Geoff Lawson, who was sacked as the Pakistan coach last week, has said he was better off than other officials working with the Pakistan board since he was paid out and got a decent exit.
"There are so many other staff who have been sacked or are leaving and I don't think they got paid an awful lot," Lawson was quoted as saying in the Sydney Morning Herald. Lawson worked out a financial agreement with the PCB after sending back a cheque the board had given him, claiming the payment was far short of what was owed to him as per the terms of his contract.
Under Lawson's charge, Pakistan reached the World Twenty20 final but then lost vital series against South Africa at home and India away. Pakistan's frontline fast bowlers, expected to prosper under a former fast bowler, were plagued by injuries, and the losses only added to the pressure on the new coach-captain pair of Lawson and Malik. "I am sorry to be leaving these guys," Lawson said. "I went into this thing full of hope and enthusiasm. I just needed to get a few more pieces of the puzzle together and I won't get a chance to do that."
Lawson said his sacking had nothing to do with the coaching. "When the government changed everyone knew the [cricket board] chairman would change and when that happens, a lot of things change. So it was always a possibility rather than a probability. That is just how things work over here. I am very philosophical about it. There is no other way to be."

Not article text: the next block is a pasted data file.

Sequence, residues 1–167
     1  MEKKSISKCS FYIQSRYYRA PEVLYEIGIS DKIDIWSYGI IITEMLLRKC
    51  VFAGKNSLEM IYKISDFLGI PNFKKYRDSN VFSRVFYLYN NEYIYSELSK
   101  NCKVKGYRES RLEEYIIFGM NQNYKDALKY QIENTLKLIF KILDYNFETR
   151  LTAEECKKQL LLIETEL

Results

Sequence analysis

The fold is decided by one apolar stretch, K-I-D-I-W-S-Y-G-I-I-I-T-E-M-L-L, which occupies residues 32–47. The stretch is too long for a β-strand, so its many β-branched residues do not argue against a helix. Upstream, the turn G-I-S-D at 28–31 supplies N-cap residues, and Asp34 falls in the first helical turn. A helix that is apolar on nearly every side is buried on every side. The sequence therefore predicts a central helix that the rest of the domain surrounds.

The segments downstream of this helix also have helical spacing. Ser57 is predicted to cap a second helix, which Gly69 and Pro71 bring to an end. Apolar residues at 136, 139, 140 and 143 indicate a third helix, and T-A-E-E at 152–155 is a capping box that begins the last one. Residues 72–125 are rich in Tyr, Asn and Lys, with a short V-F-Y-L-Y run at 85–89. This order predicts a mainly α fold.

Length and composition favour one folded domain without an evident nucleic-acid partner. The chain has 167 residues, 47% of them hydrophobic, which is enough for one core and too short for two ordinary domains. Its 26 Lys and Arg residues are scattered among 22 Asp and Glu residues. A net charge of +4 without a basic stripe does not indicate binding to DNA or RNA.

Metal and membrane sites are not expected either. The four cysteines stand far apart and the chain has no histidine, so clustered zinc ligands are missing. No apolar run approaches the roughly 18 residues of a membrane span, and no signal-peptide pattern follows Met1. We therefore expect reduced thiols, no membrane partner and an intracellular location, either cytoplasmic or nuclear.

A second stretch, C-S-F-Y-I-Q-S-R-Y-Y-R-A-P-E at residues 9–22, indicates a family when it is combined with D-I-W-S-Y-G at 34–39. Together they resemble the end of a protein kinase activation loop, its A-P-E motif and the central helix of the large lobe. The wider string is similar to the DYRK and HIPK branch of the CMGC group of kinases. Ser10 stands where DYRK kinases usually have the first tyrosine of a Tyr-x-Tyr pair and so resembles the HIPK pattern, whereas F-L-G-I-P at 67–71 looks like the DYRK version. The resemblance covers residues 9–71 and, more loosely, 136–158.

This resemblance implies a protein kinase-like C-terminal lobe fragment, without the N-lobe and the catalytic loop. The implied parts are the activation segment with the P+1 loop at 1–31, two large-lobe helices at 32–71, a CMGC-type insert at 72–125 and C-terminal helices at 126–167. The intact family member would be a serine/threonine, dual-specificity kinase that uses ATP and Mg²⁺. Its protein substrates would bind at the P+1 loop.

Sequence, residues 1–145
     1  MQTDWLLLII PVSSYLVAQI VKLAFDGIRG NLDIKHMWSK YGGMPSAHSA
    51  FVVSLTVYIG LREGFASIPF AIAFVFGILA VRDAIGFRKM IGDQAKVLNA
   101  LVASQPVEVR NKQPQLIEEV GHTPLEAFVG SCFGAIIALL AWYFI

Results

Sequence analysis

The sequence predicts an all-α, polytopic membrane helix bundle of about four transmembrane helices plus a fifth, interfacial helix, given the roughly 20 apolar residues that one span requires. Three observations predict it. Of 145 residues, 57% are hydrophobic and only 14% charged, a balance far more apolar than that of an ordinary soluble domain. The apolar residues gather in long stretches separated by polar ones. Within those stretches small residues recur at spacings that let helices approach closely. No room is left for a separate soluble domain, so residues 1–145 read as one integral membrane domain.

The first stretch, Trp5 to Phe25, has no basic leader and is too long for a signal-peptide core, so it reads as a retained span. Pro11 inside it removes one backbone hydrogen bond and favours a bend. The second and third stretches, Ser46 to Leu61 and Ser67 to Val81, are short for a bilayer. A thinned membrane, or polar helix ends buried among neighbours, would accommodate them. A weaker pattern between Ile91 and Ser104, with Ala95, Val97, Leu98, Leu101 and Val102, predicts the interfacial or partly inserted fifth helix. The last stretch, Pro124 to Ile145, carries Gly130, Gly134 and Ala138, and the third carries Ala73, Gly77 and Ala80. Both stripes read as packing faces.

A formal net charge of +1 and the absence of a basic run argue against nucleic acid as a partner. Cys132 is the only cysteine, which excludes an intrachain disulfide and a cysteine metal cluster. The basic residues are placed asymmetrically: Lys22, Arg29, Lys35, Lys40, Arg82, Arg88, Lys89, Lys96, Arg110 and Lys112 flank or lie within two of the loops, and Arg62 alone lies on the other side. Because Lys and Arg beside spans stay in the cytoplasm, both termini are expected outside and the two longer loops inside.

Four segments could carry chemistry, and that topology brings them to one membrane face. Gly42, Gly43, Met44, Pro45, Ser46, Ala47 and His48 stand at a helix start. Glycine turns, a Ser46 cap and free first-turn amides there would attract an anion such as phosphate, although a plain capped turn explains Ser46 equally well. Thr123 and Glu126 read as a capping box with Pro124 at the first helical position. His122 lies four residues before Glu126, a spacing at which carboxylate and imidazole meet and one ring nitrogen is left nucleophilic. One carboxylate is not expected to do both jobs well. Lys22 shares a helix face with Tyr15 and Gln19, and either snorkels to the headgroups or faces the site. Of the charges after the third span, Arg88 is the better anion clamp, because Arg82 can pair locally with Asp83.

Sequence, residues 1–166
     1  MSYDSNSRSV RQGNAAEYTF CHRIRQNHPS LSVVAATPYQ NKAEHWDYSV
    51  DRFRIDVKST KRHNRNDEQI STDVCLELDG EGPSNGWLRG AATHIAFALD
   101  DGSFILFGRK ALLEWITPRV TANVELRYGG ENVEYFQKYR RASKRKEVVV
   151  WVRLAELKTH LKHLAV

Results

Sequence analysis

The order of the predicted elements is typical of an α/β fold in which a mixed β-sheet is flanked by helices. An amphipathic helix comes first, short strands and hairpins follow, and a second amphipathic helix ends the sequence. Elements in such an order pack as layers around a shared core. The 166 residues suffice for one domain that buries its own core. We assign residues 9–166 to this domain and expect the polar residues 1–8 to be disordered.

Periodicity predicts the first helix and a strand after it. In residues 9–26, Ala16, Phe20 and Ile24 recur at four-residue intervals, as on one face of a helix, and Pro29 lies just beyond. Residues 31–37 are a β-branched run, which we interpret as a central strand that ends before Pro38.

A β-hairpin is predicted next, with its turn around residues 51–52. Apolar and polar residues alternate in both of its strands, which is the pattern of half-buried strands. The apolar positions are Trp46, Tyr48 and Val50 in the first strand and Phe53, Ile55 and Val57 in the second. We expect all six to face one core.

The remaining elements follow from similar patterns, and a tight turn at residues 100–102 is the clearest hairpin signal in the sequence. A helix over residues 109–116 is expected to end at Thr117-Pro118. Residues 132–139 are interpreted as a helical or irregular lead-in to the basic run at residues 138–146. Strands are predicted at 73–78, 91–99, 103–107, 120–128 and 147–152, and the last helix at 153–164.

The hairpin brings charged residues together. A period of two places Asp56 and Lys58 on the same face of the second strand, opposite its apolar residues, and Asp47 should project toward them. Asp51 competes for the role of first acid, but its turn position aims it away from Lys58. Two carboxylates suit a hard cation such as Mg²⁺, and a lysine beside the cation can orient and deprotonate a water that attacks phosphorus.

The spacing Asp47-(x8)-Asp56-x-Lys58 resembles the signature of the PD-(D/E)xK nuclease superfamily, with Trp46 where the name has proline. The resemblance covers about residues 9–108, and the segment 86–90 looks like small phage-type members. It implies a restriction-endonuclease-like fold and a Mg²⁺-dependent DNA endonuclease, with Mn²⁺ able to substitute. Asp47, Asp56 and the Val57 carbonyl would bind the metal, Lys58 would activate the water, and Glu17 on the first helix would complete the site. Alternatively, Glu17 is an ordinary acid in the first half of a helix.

In 2008, Lawson's first full year in charge, Pakistan have played four ODI series, one Twenty20 tournament and no Tests. Their home series against Australia and the Champions Trophy were postponed because of security fears in the country. But Lawson maintained, as he had through his tenure, that Pakistan was a safe place to play. "It [the terror threat] feels so peripheral when you're here. What is disappointing is we didn't get a chance to prove how good we can be. I have seen what talent there is in this team, and it's enormous. There are 25 players who could eventually be really good players if they are handled properly."
Lawson said as the Pakistan coach he got a chance to experience a different sort of life. "It has been a tremendous experience. It was never going to be just about the cricket but about life, living in a Muslim culture, and that is something very few people get to experience."